Of course, transparency has costs as well as benefits, and secrecy is sometimes necessary. But secrecy has significant costs, too—not just to human rights, but to democracy itself. As US Court of Appeals Judge Damon Keith warned in 2002, in a case involving secret immigration trials, “Democracy dies behind closed doors.” We won’t have a chance to arrive at defensible policies on surveillance and targeted killing if the questions are not fully and fairly debated. When the balance between individual rights and security is struck in secret one-sided determination, as has been the case with both drone killing and electronic surveillance, as well as the CIA’s enhanced interrogation program, it will inevitably be skewed. 
Increasingly, our governments seem to be insisting that our lives be transparent to them, while their policies remain hidden from us. For the sake of democracy itself, we must do all we can to resist that impulse. 
December 10, 2014 
(The New York Review of Books, Must Counterterrorism Cancel Democracy? By David ColeJANUARY 8, 2015 ISSUE )
Protection and security are vast obsessions of contemporary protectors and law enforcement. And now, with the political distribution of a particularly monied and elite ideology in place in Washington DC, it appears a new suspected class will be under greater scrutiny -- the poor, the middle class, and intelligent opposition to the unregulated use of power and money. A new set of battles will emerge, political and cultural. Most likely, militarized force will threaten to completely replace our moribund ability to converse, debate, disagree, and work out compromises.

We are going, in the words of the poet, into madness, "nobility of soul at odds with circumstance."

At least, thank goodness, there are poets:

In a Dark Time

In a dark time, the eye begins to see, 
I meet my shadow in the deepening shade;   
I hear my echo in the echoing wood— 
A lord of nature weeping to a tree. 
I live between the heron and the wren,   
Beasts of the hill and serpents of the den. 

What’s madness but nobility of soul 
At odds with circumstance? The day’s on fire!   
I know the purity of pure despair, 
My shadow pinned against a sweating wall.   
That place among the rocks—is it a cave,   
Or winding path? The edge is what I have. 

A steady storm of correspondences! 
A night flowing with birds, a ragged moon,   
And in broad day the midnight come again!   
A man goes far to find out what he is— 
Death of the self in a long, tearless night,   
All natural shapes blazing unnatural light. 

Dark, dark my light, and darker my desire.   
My soul, like some heat-maddened summer fly,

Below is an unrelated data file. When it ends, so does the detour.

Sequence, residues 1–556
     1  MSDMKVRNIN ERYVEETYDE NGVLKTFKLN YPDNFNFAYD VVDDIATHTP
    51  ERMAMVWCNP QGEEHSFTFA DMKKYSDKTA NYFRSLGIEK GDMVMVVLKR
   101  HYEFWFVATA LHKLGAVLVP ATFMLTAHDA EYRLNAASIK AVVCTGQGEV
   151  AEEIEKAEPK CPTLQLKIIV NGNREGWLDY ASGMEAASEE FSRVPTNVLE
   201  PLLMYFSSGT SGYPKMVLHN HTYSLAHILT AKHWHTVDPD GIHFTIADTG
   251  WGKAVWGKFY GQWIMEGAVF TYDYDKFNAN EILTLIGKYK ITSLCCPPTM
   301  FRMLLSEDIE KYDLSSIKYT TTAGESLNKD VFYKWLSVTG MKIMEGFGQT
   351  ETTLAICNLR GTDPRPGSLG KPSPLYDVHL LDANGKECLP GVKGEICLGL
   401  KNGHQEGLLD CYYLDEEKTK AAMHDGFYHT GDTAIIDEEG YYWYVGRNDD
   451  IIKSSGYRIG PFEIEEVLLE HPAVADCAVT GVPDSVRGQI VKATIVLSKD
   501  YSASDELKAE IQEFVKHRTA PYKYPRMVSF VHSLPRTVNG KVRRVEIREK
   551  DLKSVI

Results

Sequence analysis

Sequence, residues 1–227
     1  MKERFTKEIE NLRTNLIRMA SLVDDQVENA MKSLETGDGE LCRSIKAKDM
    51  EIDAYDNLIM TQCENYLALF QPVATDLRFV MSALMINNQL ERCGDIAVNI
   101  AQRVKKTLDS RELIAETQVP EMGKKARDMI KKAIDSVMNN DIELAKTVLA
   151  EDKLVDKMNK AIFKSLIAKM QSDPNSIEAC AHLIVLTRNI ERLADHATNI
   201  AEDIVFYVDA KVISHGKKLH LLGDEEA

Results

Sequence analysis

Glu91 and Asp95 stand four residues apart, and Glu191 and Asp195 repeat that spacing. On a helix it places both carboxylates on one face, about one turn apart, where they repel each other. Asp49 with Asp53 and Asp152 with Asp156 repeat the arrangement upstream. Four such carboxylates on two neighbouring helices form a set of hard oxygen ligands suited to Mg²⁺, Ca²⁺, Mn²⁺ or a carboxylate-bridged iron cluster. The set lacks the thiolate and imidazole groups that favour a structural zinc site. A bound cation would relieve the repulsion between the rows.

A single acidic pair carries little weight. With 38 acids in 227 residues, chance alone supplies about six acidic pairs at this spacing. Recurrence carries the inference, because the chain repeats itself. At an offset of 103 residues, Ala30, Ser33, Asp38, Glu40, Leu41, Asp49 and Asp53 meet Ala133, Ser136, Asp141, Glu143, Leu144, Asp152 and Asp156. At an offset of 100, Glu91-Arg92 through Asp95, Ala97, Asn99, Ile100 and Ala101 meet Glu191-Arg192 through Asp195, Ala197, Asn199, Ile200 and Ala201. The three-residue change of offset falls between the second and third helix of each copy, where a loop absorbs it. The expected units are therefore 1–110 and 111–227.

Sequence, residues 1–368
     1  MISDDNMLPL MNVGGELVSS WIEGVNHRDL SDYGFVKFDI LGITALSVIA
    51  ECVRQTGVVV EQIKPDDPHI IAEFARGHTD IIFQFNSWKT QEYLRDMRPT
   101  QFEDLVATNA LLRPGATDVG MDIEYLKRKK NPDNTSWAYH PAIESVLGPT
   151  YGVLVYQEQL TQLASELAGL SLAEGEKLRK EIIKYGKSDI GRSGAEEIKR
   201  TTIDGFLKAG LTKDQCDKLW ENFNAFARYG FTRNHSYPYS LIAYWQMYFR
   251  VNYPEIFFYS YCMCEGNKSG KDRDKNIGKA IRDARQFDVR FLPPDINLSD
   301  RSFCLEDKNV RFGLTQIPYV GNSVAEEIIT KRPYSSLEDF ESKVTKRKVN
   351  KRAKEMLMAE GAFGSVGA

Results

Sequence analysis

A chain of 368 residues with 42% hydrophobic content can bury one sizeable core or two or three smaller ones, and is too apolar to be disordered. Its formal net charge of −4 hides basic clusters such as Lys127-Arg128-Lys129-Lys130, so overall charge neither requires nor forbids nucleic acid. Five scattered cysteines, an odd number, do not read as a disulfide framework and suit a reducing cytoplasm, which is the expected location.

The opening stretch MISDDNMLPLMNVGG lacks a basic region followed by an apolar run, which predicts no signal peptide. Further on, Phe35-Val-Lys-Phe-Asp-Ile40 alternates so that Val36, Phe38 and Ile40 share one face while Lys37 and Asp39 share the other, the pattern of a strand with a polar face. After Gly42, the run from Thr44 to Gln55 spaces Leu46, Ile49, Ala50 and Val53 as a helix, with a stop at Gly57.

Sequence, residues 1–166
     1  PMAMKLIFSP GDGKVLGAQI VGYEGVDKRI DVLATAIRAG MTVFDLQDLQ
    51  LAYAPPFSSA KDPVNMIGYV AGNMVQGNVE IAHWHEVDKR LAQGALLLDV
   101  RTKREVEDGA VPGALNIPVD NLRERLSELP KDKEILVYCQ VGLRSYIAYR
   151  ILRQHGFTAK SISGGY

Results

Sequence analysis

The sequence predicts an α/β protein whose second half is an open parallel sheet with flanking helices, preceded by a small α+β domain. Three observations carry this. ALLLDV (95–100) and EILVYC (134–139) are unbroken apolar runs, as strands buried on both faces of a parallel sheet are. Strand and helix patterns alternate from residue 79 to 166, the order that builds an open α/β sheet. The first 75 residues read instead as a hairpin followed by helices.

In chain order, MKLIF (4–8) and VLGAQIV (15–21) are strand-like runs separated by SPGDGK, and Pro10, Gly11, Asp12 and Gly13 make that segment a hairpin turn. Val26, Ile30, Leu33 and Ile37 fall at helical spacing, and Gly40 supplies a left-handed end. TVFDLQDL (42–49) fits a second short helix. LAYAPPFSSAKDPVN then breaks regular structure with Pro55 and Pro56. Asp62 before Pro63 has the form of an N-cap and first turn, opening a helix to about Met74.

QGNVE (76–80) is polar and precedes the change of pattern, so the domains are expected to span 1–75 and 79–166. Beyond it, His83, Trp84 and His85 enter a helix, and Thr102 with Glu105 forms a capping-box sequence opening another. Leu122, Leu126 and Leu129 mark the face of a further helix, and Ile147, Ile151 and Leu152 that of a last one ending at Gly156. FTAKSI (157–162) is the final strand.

Keeps buzzing at the sill. Which I is I?
A fallen man, I climb out of my fear.   
The mind enters itself, and God the mind,   
And one is One, free in the tearing wind.
(--Theodore Roethke, “In a Dark Time” from Collected Poems of Theodore Roethke, c.1963)


When not well, be not well.

Like dawn light, change arises --

Nothing has I

(to say)

I have nothing

to say
י  יִמְצָאֵהוּ בְּאֶרֶץ מִדְבָּר,  {ס}  וּבְתֹהוּ יְלֵל יְשִׁמֹן;  {ר}  יְסֹבְבֶנְהוּ, יְבוֹנְנֵהוּ--  {ס}  יִצְּרֶנְהוּ, כְּאִישׁוֹן עֵינוֹ.  {ר}
10 He found him in a desert land, and in the waste, a howling wilderness; He compassed him about, He cared for him, He kept him as the apple of His eye. 
יא  כְּנֶשֶׁר יָעִיר קִנּוֹ, עַל-גּוֹזָלָיו יְרַחֵף;  {ס}  יִפְרֹשׂ כְּנָפָיו יִקָּחֵהוּ, יִשָּׂאֵהוּ עַל-אֶבְרָתוֹ.  {ר}
11 As an eagle that stirreth up her nest, hovereth over her young, spreadeth abroad her wings, taketh them, beareth them on her pinions-- 
יב  יְהוָה, בָּדָד יַנְחֶנּוּ;  {ס}  וְאֵין עִמּוֹ, אֵל נֵכָר.  {ר}
12 The LORD alone did lead him, and there was no strange god with Him. 
יג  יַרְכִּבֵהוּ עַל-במותי (בָּמֳתֵי) אָרֶץ,  {ס}  וַיֹּאכַל תְּנוּבֹת שָׂדָי;  {ר}  וַיֵּנִקֵהוּ דְבַשׁ מִסֶּלַע,  {ס}  וְשֶׁמֶן מֵחַלְמִישׁ צוּר.  {ר}
13 He made him ride on the high places of the earth, and he did eat the fruitage of the field; and He made him to suck honey out of the crag, and oil out of the flinty rock; 
יד  חֶמְאַת בָּקָר וַחֲלֵב צֹאן,  {ס}  עִם-חֵלֶב כָּרִים וְאֵילִים  {ר}  בְּנֵי-בָשָׁן וְעַתּוּדִים,  {ס}  עִם-חֵלֶב, כִּלְיוֹת חִטָּה;  {ר}  וְדַם-עֵנָב, תִּשְׁתֶּה-חָמֶר.  {ס}
14 Curd of kine, and milk of sheep, with fat of lambs, and rams of the breed of Bashan, and he-goats, with the kidney-fat of wheat; and of the blood of the grape thou drankest foaming wine. 
(--from Deuteronomy 32

Friday, January 09, 2015


Today I am Hikikomori.
Hikikomori (ひきこもり or 引き籠もり Hikikomori?, literally "pulling inward, being confined", i.e., "acute social withdrawal") is a Japanese term to refer to the phenomenon of reclusive adolescents or adults who withdraw from social life, often seeking extreme degrees of isolation and confinement. The term hikikomori refers to both the sociological phenomenon in general as well as to people belonging to this societal group. Hikikomori have been described as recluses, loners, or "modern-day hermits."[1].  (--Wikipedia)
All day in room. In bed. With books.

Under weather.

As Paris streets settle for night.

alors, in France, Je suis

Je suis, "I am", is the phrasing of identity, connection, non-separation. 

The Jewish, Muslim, and Christian God self-identified as "I Am." 

As difficult as many of us find it, it is likely true that poet Thich Nhat Hanh's "Please Call Me By My True Names" poem is our fate, and that he would suggest: 
  • We are those who were slain; 
  • We are those who murdered them; 
  • We are those engaged in their capture. 
It sometimes seems we delight in separative, divisive, uncompassionate exclusion.